Jaguar Land Rover Wants to Build EVs in the UK: Gov’t to Fund EV, Autonomous Vehicle Development

Following the introduction of the I-Pace battery electric concept SUV (above photo) at the Los Angeles Auto Show two weeks ago, Jaguar Land Rover (JLR) said it wants to build electric vehicles in the UK

The British carmaker’s CEO Ralf Speth told a business group that the Tata Motors-owned automaker, which operates three car plants in central and northern England, that he wants to produce electric vehicles in Great Britain.

“We want to build our EVs in the West Midlands, in the home of our design and engineering,” Speth said last week.

JLR has told the British government that it could create 10,000 jobs in its home region but it would require large improvements in local infrastructure, including an extra 12 to 15 gigawatts of electricity per year, extra land for development and “the right legislative framework,” the Financial Times reported.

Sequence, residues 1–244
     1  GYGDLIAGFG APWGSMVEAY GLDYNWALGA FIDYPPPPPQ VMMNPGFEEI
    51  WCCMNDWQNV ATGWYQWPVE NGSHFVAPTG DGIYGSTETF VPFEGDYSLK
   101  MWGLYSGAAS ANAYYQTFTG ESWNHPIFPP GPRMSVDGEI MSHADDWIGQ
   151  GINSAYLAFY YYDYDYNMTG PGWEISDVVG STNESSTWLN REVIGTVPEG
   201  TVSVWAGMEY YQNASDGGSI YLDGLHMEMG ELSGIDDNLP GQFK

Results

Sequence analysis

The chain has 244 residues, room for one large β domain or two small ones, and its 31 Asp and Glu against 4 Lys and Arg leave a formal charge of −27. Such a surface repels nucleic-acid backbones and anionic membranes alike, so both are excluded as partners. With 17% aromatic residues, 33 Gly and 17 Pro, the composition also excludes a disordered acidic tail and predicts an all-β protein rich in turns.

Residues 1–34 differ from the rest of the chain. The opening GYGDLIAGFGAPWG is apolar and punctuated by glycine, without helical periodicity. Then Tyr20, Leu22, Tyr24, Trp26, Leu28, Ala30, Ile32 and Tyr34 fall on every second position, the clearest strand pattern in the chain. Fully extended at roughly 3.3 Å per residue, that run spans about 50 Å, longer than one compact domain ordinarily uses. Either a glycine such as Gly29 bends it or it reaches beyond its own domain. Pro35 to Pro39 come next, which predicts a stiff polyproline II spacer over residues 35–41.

SEE ALSO: Jaguar Debuts Cool-Looking I-Pace Electric Crossover Concept

Speth said his ambition was to double JLR’s production to around one million vehicles by the end of the decade.

In the same time frame, JLR has also said that it wants at least half of its vehicles to be made available with the option of some form of electrification.

Speth’s announcement came two days after the British government laid out its plans to make the UK a global leader for electric vehicle and battery production.

UK finance minister Philip Hammond on last Wednesday announced $484 million of funding to boost the development of electric and autonomous vehicles, as well as support for EV infrastructure.

SEE ALSO: Jaguar Land Rover to Begin Testing Connected and Autonomous Cars

“Reliable transport networks are essential to growth and productivity,” Hammond said, adding that the funding would “build on our competitive advantage in low-emission vehicles and the development of connected autonomous vehicles.”

The government is encouraging automakers and tech firms to develop and test autonomous driving technology in the UK, aiming to build an industry to serve a worldwide market it says will be worth about $1.1 trillion by 2025.

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